06/10/2015 05:01 pm ET | Updated Jun 10, 2016

Kids Sharing a Room: Blessing or Curse?

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My husband and I have had to downscale and will be moving to a two-bedroom apartment. Our 6- and 8-year-old girls always had their own rooms, but now they will have to share. They are very unhappy about it and I feel terrible. Do you have any tips for making a tough situation not so bad?

Many studies suggest that sharing a room benefits children in numerous ways. They may develop better relationship skills, learning to establish and respect healthy boundaries. Kids who share a bedroom are often better able to resolve squabbles without parental intervention. And most importantly, they can develop deep and lasting bond with their siblings as a result of spending night after night together.

Keep in mind that it is only very recent in history that humans have slept apart from one another. In fact, in many parts of the world, mothers are disbelieving when they hear that children in foreign lands sleep apart from their siblings or parents. There is something deeply comforting about drifting off to sleep in the presence of beloved family members.

Much of what determines whether a situation will be a positive or negative experience hinges on our attitude going in. While it is certainly possible that your children will have some initial challenges adjusting to sharing a room, one of the key ingredients for developing lifelong resilience is learning to adapt to life's twists and turns.

Here are some tips for making this situation a positive one.

• Establish a feeling of personal space. Designate separate sides of the room to provide your children with boundaries and a place to call their own. While you may still hear complaints that "She touched my teddy bear!", each child deserves physical boundaries, however minimal they may be.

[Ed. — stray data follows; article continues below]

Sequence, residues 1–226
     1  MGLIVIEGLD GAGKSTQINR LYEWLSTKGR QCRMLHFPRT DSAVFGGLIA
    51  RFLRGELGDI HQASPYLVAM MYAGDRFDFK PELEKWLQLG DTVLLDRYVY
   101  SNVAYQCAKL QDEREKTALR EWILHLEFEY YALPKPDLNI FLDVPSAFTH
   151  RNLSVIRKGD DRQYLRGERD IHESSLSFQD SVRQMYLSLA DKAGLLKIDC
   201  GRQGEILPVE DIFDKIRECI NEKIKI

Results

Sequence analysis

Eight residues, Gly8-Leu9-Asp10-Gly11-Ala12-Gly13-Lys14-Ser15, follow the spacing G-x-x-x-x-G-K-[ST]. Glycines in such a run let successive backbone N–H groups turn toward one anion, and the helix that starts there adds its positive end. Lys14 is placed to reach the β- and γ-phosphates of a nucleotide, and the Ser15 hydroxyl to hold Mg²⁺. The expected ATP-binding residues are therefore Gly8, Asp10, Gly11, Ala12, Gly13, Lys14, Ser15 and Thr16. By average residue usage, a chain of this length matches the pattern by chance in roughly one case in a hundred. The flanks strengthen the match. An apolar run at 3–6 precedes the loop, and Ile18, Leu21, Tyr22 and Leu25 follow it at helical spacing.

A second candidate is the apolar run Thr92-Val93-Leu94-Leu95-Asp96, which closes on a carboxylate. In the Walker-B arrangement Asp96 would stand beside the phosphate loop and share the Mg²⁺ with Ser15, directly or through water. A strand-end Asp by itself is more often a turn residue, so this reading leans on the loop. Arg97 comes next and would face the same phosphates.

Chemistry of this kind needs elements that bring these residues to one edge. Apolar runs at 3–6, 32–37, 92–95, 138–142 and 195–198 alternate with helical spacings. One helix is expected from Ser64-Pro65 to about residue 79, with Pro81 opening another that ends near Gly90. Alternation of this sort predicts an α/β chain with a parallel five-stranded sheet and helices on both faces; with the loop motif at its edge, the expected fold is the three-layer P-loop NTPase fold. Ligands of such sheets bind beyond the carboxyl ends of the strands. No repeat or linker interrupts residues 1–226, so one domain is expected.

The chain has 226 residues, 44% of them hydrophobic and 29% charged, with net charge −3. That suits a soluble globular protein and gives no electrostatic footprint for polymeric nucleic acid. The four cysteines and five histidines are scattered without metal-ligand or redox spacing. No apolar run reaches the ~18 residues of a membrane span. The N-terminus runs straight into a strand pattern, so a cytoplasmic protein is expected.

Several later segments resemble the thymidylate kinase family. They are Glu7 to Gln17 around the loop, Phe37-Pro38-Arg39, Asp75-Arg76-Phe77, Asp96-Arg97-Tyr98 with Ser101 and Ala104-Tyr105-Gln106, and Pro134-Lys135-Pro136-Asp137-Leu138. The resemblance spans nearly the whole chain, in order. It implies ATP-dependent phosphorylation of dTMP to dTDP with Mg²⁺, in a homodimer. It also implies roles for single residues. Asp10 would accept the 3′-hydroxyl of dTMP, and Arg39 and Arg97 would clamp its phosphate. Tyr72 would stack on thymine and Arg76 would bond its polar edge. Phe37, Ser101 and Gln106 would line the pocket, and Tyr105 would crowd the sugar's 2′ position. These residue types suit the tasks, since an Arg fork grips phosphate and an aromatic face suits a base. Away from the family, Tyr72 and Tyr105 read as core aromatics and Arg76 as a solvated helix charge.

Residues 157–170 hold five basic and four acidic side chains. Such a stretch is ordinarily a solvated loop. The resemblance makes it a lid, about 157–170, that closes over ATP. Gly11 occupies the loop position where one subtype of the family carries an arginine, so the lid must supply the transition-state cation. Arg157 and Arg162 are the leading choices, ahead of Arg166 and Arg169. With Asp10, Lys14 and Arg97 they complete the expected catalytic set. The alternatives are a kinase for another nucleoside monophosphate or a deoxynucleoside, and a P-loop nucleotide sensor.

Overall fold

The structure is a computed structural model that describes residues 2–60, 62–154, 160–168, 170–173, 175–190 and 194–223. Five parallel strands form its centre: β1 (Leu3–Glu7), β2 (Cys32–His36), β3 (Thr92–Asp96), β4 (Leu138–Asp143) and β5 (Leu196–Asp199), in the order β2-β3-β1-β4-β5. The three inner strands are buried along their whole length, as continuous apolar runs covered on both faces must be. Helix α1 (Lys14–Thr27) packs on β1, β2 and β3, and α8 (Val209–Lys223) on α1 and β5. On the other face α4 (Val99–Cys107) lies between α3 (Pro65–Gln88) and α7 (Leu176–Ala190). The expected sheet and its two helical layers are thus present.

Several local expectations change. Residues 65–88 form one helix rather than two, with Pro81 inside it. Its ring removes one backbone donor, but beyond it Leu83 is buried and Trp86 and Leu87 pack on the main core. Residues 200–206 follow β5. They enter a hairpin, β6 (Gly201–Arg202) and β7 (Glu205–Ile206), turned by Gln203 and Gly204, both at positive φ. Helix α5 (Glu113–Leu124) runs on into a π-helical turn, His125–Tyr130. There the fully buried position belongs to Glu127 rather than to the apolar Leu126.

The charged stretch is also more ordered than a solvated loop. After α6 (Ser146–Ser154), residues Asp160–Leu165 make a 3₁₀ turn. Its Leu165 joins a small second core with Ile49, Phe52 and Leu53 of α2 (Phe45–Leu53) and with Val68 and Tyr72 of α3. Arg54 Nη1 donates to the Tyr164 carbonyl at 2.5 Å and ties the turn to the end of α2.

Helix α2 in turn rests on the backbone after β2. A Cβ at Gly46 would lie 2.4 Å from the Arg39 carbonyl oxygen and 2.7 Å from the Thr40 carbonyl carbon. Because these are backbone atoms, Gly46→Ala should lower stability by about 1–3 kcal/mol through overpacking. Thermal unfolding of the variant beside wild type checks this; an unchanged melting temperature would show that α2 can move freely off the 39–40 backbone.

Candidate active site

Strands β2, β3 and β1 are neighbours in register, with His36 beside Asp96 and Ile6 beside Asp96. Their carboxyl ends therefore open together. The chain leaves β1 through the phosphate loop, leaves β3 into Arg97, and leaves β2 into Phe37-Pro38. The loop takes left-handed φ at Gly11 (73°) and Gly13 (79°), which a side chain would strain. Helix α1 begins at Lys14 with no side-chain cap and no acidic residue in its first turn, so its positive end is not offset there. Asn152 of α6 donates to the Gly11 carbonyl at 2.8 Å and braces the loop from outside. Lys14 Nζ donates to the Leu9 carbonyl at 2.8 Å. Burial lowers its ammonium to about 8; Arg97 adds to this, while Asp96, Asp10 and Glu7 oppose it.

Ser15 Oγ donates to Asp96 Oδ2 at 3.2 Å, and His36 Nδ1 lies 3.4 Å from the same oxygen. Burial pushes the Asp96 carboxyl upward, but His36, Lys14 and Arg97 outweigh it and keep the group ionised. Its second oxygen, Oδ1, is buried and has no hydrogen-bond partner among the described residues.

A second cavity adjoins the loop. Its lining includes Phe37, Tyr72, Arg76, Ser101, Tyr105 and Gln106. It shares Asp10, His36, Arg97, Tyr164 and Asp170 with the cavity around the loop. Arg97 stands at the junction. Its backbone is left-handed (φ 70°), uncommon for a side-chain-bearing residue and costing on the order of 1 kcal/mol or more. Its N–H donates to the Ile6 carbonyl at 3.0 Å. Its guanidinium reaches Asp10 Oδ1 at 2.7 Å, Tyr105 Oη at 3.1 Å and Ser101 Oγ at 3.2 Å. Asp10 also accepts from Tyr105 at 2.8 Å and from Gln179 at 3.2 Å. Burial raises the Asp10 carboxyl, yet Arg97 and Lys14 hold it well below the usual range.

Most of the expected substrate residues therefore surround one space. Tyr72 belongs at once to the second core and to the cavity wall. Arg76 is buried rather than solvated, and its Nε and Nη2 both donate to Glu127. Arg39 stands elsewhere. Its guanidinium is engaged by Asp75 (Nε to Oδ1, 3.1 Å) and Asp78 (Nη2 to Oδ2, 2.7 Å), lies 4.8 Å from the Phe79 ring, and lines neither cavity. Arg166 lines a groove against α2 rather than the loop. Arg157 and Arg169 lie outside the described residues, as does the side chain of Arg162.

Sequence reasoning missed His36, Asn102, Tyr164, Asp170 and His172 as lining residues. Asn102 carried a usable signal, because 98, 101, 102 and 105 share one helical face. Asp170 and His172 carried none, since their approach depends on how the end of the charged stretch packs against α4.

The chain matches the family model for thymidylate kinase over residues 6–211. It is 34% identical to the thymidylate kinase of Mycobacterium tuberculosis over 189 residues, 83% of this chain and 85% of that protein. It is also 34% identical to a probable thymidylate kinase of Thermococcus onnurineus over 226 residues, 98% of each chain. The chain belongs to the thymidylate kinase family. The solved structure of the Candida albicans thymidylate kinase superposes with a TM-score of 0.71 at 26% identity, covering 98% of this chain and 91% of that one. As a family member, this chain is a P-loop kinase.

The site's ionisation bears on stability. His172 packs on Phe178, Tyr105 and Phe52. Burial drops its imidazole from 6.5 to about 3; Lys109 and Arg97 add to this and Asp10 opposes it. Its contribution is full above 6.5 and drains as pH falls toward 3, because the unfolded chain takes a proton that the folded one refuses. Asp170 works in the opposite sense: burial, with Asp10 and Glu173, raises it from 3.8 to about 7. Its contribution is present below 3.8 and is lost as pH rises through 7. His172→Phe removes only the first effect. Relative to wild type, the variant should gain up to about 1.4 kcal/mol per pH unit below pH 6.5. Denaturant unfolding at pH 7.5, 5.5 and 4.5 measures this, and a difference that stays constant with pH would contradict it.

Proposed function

• Put their creative side on display. Allow each child to choose her own bedding and and artwork for their side of the room. Letting them put an individual stamp on their space will make it feel more their own.

• Create clear bedtime guidelines. One family might have their children go to bed 30 minutes before lights out so they can giggle and play, while another may decide that the room goes quiet as soon as the lights are shut off. I tend to lean toward favoring time for kids to unwind together, but if your ritual is that you read to your kids to until they're about to fall asleep, it may be wise for you to establish that when the lights are turned out, playtime is over.

• Respect each child's bedtime. Right now your girls may go to bed at the same time, but if it becomes necessary to adjust bedtimes in the future, don't force your older child to go to sleep when the younger one does. Doing so will simply generate resentment and frustration and a whole lot of, "It's not fair!"

• Bring in a white noise machine. Many people swear by the quiet hum that a white noise machine generates, canceling out random noises, coughs or snoring. If you have a child who is a sensitive sleeper, it may make sense to have a sound machine in the room to avoid arguments about how sister makes too much noise to sleep.

Allow your daughters to express their feelings about the new arrangement. While some kids adjust to sharing a room without a fuss, others struggle to adapt to new situations, regardless of how hard we try to make things good for them. The goal isn't to shield our kids from change, but rather to support them as they find their way toward adaptation.